HOW DOES HE MATCH-UP TO SOME OF THE UNDENIABLE RUGBY LEGENDS?
By James Prince @princerugby15
Christmas is a time for reflection and earlier in the year, we saw the sudden retirement of Wales and British & Irish Lions captain, Sam Warburton.
He is only 29 years old, however, many have hailed him as a ‘rugby great’, but is he really?
How has his career compared to those of the well-established rugby legends? What do the stats reveal? Let us consider a few points from the main aspects of Warburton’s career.
On paper, Warburton certainly has an impressive record when it comes to the British & Irish lions. He has never lost a test series, and, in the 2013 tour of Australia, he was the youngest player to ever captain the lions at 24 years of age.
All of that being said; In the first test of the 2017 New Zealand tour, Warburton started on on the bench. In the series decider of the same tour, Warburton did not captain the side to a series victory…it was drawn! in the deciding test of the 2013 tour against Australia, Warburton was not playing due to injury.
My point being here; where Warburton was involved in those Lion’s matches, his results, when he actually played, were pretty average.
Let’s contrast this with an established ‘rugby great’, Martin Johnson, the former England Captain.
Johnson’s Lion’s career yielded a series win in the 1997 tour of South Africa, in which he was captain and played in all three test matches, he was never dropped to the bench and did not have to miss any test matches due to injury.
The Lion’s tour of Australia in 2001 was a hard-fought series with Johnson at the helm. The series was lost, however, again, as opposed to Sam Warburton, Johnson still played in all three test matches, meaning he was able to have full influence on the pitch.
Looking at this comparison, is Warburton’sLion’s career as impressive? No, it just isn’t.
True to say, Warburton’s Wales achievements, in the early days, were an incredible start to his international career. Immediate things that spring to mind are; leading Wales to the semi-final in the 2011 World Cup and the 2012 Six Nations grand slam. These, in themselves, are fantastic achievements.
However, one thing that plagued Warburton’scaptaincy of Wales, was the fact that they were only able to claim a single victory over a top-tier southern hemisphere side, when they beat South Africa12-6, in November 2014. Yes, you could argue that this was not solely Warburton’s fault, however, to make him a ‘rugby great’ you would want to see a few more victories like these under his belt, such as a win over the All Blacks.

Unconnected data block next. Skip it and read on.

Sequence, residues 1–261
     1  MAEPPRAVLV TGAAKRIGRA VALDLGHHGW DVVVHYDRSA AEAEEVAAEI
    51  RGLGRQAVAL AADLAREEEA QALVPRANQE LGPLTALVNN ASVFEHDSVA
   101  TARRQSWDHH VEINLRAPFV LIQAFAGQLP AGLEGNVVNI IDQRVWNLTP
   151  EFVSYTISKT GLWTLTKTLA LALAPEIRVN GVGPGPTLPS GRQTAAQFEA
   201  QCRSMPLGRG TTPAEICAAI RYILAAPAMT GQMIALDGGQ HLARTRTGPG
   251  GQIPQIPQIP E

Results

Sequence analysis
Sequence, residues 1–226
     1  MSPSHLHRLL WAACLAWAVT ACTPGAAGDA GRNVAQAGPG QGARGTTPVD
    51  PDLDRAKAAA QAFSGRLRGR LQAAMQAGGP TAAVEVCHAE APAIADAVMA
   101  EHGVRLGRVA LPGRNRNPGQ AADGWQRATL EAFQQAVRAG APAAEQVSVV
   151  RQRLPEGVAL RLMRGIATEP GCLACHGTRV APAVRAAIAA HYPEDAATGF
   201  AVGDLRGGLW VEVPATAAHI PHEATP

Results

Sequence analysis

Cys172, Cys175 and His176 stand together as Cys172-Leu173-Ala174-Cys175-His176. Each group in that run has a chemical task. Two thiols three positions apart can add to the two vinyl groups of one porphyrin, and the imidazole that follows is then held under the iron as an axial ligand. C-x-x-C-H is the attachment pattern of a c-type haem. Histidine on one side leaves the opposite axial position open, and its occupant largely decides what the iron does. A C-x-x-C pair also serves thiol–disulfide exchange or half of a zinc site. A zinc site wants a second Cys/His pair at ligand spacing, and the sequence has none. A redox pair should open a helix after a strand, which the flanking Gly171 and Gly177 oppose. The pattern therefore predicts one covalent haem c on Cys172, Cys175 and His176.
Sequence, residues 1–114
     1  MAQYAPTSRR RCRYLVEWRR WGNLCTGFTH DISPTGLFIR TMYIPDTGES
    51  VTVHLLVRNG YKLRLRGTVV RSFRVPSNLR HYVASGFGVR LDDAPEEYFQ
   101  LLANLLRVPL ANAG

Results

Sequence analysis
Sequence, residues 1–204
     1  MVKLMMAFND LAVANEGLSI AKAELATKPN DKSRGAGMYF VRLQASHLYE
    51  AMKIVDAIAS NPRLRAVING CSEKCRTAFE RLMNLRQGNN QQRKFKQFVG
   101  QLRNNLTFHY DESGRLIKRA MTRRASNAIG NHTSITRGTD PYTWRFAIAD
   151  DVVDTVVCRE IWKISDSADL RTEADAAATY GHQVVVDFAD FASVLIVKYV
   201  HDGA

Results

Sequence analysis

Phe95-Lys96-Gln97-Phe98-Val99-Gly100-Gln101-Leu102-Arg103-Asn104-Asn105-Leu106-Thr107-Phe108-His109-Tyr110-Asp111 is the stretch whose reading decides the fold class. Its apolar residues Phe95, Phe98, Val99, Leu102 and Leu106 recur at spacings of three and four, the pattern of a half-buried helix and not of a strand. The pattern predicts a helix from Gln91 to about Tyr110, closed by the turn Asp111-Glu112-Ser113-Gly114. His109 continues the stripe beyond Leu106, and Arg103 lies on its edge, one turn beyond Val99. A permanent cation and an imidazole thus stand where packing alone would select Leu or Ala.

When comparing Warburton’s international record with the likes of Brian O’Driscoll, how does it stack up?
Like Warburton, O’Driscoll led Ireland to a grand slam, but also, like Warburton, Ireland’s record against the top-tier Southern Hemisphere sides wasn’t that impressive. What sets O’Driscoll apart from Warburton?
O’Driscoll was a try machine, he is still the the record Six Nations try scorer, a sure way to cement your place as a ‘rugby great’.
I am not, in any way, saying that Warburton should have scored more tries. However, stats relevant to his position should be utterly outstanding. Tackles, turnovers, carries etc. are well within the remit of a true ‘rugby great’ but, unfortunately for Warburton, no records were set there.
At club level, the trophy cabinet is rather bare. Warburton did win a couple of European Challenge cups with Cardiff Blues. These aren’t exactly Heineken/European Champions cups though, are they? Certainly, these are not the trophies of a true ‘rugby great’.
‘Rugby greats’, at club level, still tend to dominate in their domestic leagues and bigger competitions, in this case, Europe. We only need to, again, refer to the achievements of Brian O’Driscoll and Martin Johnson. Heineken cups and League titles are there more than once.
The Raw Numbers
Finally, let’s take a moment just to look at some of Warburton’s raw captaincy stats compared with the two ‘rugby greats’ we mentioned earlier; Martin Johnson and Brian O’Driscoll:
|Sam Warburton||Martin Johnson||Brian O’driscoll|
|Heineken/European Champions Cups||0||2||3|
We can clearly see, from the above table, thatWarburton’s achievements don’t really come close to the those of the other legendary Northern Hemisphere captain’s. There is clearly a lack of club trophies here. So, in terms of raw numbers, can we say that Warburtons is a great? I certainly wouldn’t say so.
A ‘rugby great’?
In conclusion, with all these points regarding club, international and Lion’s career, is Warburton a ‘rugby great’? No. His record on the pitch and trophies don’t quite get him there, he just doesn’t compare with the legends that came before him.
‘Rugby greats’ have ‘great’ records, with ‘great’ teams and win ‘great’ trophies.
However, this does not mean that Warburton was a terrible player, his team-mates often describe how he can inspire a team with his attitude and his work rate, on and off the pitch. He’s been the face ofWales rugby and the British & Irish Lions for a good number of years.
If I could give Warburton a title, he would be a ‘rugby good’;